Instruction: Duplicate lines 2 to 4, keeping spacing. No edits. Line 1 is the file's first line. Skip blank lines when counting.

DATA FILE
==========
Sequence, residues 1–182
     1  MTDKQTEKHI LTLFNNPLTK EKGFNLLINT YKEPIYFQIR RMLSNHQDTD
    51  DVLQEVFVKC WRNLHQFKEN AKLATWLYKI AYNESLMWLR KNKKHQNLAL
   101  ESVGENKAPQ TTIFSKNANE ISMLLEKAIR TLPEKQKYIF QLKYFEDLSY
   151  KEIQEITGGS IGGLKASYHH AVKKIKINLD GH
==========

     1  MTDKQTEKHI LTLFNNPLTK EKGFNLLINT YKEPIYFQIR RMLSNHQDTD
    51  DVLQEVFVKC WRNLHQFKEN AKLATWLYKI AYNESLMWLR KNKKHQNLAL
   101  ESVGENKAPQ TTIFSKNANE ISMLLEKAIR TLPEKQKYIF QLKYFEDLSY